Tuesday, September 22, 2020

What Do Economists Mean When They Talk About “Capital Accumulation”? — Shimshon Bichler and Jonathan Nitzan

In every other science, this inability to measure the key category of the theory would be devastating. But not in the science of economics.
Maybe because economics is not a science but rather pseudoscience? I have long argued that economics is philosophy dressed up with some numbers. Shimshon Bichler and Jonathan Nitzan flesh the argument out. And this is just one area. A lot of this confusion results from lack of clarity about value.
The basic dualities of subject and object, idea and thing, nomos and physis have preoccupied philosophers since antiquity. They have also provided an ideal leverage for organized religions and other dogmas specializing in salvation from alienation. And more recently, they have come to form the basic foundation of modern economics....
This paper is a bit longish but here is the conclusion if you don't plan to read it (although I regard it as a must-read).
The modern disciplines of economics and finance overflow with highly complex models, complete with the most up-to-date statistical methods, computer software and loads of data – yet their ability to explain, let alone justify, the world of capital is now limited at best. Their basic categories are often logically unsound and empirically unworkable, and even after being massively patched up with ad hoc assumptions and circular inversions, they still manage to generate huge “residuals” and unobservable “measures of ignorance”.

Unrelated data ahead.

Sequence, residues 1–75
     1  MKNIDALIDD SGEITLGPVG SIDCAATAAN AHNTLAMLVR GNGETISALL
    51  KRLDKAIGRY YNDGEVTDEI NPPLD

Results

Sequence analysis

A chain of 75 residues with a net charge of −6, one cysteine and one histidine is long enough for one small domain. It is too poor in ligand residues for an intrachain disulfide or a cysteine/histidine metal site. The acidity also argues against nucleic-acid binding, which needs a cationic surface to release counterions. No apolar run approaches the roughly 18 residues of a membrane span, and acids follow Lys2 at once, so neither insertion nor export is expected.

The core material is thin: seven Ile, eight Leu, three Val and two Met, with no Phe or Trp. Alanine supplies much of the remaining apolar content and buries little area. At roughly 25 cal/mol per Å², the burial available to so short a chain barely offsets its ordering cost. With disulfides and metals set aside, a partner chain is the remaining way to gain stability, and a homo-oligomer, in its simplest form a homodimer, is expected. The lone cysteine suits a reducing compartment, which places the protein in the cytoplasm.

In this sense, humanity today finds itself in a situation not unlike the one prevailing in sixteenth-century Europe, when feudalism was finally giving way to capitalism and the closed, geocentric world of the Church was just about to succumb to the secular, open-ended universe of science. The contemporary doctrine of capitalism, increasingly out of tune with reality, is now risking a fate similar to that of its feudal-Christian predecessor.
Mounting global challenges – from overpopulation and environmental destruction, through climate change and peak energy, to the loss of autonomy and the risk of social disintegration – cannot be handled by a pseudo-science that cannot define its main categories and whose principal explanatory tool is “distortions”. You cannot build an entire social cosmology on the assumptions of individual rationality, equilibrium and perfect markets – and then blame the failures of this cosmology on irrationality, disequilibrium and imperfections. In science, these excuses and blame-shifting are tantamount to self-refutation.
What we need now are not better tools, more accurate modelling and improved data, but a different way of thinking altogether, a totally new cosmology for the post-capitalist age.


Matt Franko said...

If you use the word “capitalism” then you’re not doing Science in the first place...

NeilW said...

Quite why this is even a debate is a really interesting example of politics overriding science.

The capital controversies demonstrated you can't compare different types of capital because they were in different denominations. Yet mainstream carried on as though everything could be assessed in $